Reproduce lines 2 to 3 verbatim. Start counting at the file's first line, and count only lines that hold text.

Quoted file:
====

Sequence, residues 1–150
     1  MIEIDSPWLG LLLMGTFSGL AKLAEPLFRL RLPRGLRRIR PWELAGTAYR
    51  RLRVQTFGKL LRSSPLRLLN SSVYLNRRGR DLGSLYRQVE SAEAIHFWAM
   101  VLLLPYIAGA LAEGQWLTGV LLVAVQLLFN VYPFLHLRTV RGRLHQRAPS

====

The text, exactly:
     1  MIEIDSPWLG LLLMGTFSGL AKLAEPLFRL RLPRGLRRIR PWELAGTAYR
    51  RLRVQTFGKL LRSSPLRLLN SSVYLNRRGR DLGSLYRQVE SAEAIHFWAM